Parinaric acid, a naturally occurring 18-carbon fatty acid containing 4 conjugated double bonds, is toxic to human monocytic leukemia cells at concentrations of 5 µm or less. Conditioning of the medium reduces the cytotoxic effect, suggesting that parinaric acid and not a metabolite is the active agent. The mechanism of parinaric acid toxicity appears to involve lipid peroxidation because the toxic action can be blocked by the addition of butylated hydroxytoluene. When U-937 cells are differentiated to the monocytic form, they become resistant to as much as 30 µm parinaric acid. This difference in sensitivity may be explained in part by the fact that the undifferentiated cells take up 3 to 4 times more parinaric acid. Concentrations of parinaric acid less than 5 µm are also toxic to human THP-1 monocytic leukemia, HL-60 human promyelocytic leukemia, and Y-79 human retinoblastoma cells. Measurements of protein synthesis indicate that differentiated U-937 cells, confluent cultures of human fibroblasts, bovine aortic endothelial cells, and CaCo-2 colonic mucosal cells are much less sensitive to parinaric acid than the malignant cell lines tested, suggesting that the cytotoxic action may be selective for rapidly growing malignant tumors. Thus, parinaric acid may be the prototype of a new class of lipid chemotherapeutic agents that contain a conjugated system of double bonds and act by sensitizing tumor cells to peroxidation.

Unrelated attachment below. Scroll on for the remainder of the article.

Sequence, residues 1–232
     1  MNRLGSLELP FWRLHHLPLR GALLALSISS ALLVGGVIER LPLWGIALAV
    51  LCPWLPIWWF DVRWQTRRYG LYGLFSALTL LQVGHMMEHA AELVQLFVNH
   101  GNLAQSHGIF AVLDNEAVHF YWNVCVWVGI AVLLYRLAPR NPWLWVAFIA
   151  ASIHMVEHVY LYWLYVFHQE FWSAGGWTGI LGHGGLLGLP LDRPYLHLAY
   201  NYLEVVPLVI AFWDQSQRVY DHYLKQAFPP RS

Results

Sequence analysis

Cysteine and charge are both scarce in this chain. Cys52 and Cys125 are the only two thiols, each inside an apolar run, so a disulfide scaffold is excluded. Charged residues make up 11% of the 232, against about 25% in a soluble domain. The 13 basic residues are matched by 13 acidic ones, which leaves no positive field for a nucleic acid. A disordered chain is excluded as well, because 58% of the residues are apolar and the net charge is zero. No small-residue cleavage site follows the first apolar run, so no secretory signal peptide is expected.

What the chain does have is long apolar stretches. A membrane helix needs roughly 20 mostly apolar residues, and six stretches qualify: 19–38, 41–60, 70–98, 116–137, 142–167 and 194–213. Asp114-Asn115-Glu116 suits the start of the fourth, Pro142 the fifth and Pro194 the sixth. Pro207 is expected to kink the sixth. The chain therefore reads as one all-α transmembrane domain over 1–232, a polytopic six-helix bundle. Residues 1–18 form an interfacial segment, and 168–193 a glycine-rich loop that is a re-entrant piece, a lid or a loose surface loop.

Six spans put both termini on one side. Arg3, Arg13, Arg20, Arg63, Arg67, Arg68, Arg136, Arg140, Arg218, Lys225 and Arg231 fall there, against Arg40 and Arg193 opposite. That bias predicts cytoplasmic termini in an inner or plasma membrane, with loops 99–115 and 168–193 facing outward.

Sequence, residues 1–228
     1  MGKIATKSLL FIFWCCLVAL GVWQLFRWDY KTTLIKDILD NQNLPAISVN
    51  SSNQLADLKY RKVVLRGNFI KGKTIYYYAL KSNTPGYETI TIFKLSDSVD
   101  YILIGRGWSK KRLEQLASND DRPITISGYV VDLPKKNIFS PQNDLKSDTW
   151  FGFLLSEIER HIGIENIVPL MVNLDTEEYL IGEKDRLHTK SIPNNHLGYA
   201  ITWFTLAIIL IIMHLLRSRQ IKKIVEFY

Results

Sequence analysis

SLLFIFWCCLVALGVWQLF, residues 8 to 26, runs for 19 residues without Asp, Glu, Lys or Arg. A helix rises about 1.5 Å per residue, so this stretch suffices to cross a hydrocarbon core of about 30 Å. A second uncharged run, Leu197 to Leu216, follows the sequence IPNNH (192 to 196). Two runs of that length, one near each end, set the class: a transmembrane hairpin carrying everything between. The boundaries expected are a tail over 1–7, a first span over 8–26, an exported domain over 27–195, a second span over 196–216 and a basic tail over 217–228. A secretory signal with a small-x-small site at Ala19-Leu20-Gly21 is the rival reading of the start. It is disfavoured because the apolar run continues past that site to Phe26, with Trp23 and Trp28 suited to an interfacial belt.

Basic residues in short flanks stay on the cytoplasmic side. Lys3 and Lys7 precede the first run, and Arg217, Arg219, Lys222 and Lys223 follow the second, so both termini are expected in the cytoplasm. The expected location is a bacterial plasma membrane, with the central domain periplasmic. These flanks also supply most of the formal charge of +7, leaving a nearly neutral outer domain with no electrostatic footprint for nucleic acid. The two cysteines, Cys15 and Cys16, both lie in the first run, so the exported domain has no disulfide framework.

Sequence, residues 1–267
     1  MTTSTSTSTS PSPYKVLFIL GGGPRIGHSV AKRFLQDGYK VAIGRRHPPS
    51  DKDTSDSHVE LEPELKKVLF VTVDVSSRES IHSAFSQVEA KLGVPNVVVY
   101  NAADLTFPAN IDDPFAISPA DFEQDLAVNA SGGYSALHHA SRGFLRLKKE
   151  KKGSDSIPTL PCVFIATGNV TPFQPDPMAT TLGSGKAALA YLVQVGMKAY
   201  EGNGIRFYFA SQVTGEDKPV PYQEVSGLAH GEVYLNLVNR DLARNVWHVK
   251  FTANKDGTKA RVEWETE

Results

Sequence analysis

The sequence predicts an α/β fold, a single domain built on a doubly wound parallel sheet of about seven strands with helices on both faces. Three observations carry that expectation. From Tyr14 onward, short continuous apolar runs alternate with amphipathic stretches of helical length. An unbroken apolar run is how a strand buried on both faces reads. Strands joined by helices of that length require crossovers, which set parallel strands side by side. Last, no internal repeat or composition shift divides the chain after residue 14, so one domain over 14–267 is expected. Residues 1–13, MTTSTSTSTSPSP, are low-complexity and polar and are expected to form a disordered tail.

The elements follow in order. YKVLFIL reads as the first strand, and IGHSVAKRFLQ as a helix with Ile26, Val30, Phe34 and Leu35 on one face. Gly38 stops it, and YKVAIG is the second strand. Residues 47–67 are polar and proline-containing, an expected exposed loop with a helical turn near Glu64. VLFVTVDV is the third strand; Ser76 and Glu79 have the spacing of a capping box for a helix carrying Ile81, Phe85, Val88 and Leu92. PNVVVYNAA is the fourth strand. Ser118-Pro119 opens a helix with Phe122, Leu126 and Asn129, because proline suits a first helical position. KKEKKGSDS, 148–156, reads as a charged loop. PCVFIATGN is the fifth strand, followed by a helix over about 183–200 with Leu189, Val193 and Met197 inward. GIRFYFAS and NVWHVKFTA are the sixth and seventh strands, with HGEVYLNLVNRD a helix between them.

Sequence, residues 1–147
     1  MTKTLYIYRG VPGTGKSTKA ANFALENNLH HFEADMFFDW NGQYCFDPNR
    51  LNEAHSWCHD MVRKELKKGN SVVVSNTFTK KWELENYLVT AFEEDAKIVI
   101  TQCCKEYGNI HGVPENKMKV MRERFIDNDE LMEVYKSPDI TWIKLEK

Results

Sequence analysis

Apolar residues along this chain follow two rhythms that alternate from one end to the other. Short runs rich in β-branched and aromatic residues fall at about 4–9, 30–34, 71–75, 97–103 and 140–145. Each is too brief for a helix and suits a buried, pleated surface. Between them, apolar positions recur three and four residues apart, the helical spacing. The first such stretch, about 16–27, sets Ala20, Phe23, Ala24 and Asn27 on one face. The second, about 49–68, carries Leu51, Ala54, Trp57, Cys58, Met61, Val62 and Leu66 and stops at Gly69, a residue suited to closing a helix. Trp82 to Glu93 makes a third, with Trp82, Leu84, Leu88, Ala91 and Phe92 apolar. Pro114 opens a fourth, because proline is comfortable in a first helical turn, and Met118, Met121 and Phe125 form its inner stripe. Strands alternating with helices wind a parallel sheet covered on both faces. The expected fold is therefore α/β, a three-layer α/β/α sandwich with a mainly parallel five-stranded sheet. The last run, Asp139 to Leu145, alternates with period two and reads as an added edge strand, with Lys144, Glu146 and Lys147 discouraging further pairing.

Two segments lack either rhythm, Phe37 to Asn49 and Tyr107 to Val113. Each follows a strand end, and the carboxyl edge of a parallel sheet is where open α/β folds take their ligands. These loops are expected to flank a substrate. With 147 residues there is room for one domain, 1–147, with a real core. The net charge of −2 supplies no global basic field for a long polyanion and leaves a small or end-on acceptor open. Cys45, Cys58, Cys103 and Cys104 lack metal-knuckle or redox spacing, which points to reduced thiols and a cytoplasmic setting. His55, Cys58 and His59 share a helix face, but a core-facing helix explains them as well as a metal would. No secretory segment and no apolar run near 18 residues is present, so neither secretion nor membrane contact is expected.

This work was supported by NIH Grant HL39308.

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